In Defense of Friction

November 21st, 2011 by andresmh

There is no doubt that technology has made my life much easier. I rarely share the romantic view that things were better when human beings used to do the boring tasks that machines now do. For example, I do not think there is much to gain by bringing back the old telephone operators. However, there are reasons to believe social computing systems should not automate social interactions.

In his paper about online trust, Coye Cheshire points out how automated trust systems undermine trust itself by incentivizing cooperation because of the fear of punishment rather than actual trust among people. Cheshire argues that:

strong forms of online security and assurance can supplant, rather than enhance, trust.

Leading to what he calls the trust paradox:

assurance structures designed to make interpersonal trust possible in uncertain environments undermine the need for trust in the first place

My collaborators and I found something similar with attribution and credit: when borrowing someone else’s creative work (remixing), automatic attribution given by a computer system, does not replace the manual credit given by another human being. Attribution is a useful piece of information given by a system, while credit given by a person is a signal of appreciation.

Others have noted how Facebook’s birthday reminders have “ruined birthdays” by “commoditizing” social interactions and people’s social skills. Furthermore, recently some have argued that “Facebook is ruining sharing” by making it frictionless.

Photo by atownjacket (c)

In many scenarios, automation is quite useful, but with social interactions, removing friction can have a harmful effect on the social bonds established through friction itself. I am not sure if sharing has indeed been ruined by Facebook, but perhaps this opens new opportunities for online services that allow people to have “friction-full” interactions.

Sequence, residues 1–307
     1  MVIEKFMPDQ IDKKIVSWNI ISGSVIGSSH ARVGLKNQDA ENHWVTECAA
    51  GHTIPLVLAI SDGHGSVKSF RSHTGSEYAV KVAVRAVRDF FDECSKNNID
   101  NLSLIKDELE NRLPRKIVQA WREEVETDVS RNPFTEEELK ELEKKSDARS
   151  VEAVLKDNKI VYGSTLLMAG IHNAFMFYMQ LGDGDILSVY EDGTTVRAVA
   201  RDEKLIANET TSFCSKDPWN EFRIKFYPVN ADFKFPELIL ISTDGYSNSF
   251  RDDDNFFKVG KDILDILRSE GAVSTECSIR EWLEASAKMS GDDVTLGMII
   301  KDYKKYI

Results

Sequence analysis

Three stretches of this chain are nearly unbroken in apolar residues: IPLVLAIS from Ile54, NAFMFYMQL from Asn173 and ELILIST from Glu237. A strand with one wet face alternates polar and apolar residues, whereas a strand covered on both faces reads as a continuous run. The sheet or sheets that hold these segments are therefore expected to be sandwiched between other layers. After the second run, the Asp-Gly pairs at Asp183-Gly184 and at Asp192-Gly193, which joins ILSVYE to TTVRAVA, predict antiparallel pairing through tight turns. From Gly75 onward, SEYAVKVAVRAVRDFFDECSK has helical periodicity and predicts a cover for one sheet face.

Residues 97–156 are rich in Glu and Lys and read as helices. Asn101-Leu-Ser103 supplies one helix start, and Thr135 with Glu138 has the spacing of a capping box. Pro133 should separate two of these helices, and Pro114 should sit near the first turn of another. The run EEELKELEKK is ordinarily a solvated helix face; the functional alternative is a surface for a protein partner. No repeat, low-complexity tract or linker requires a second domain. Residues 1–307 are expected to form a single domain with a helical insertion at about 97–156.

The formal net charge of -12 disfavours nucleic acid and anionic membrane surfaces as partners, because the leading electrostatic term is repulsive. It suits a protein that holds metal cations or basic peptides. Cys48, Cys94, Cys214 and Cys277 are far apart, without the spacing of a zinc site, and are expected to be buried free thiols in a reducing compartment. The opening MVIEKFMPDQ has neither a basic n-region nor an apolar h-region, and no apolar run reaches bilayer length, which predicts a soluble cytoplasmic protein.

3 Responses to “In Defense of Friction”

  1. Shauna Says:

    This reminds me a bit of the overjustification effect, in that it attempts to make doing something pro-social “easier” but actually makes those pro-social instincts less valuable. There’s a reason why I’ve still got the paintings my cousins drew for me when they were toddlers, and it’s not ’cause they’re fine works of art — it’s because the effort of communication, of creation, and of consideration are signs of love. The effort to overcome friction is a sign of love.

    (That said, facebook and google+ have been great for “meeting people”. It’s a little like mingling at a party and joining in on the random interesting conversations you hear. Social networking sites are good for relationships so tenuous they couldn’t really bear any friction at all.)

  2. andresmh Says:

    Thanks for the comment Shauna. I hadn’t thought of how SNS are good for “relationships so tenuous they couldn’t really bear any friction at all.” I’ll use that line at some point :)

  3. In Defense of Friction « Social Media Collective Says:

    [...] a harmful effect on the social bonds established through friction itself. In other cases, as Shauna points out, ”social networking sites are good for relationships so tenuous they couldn’t really [...]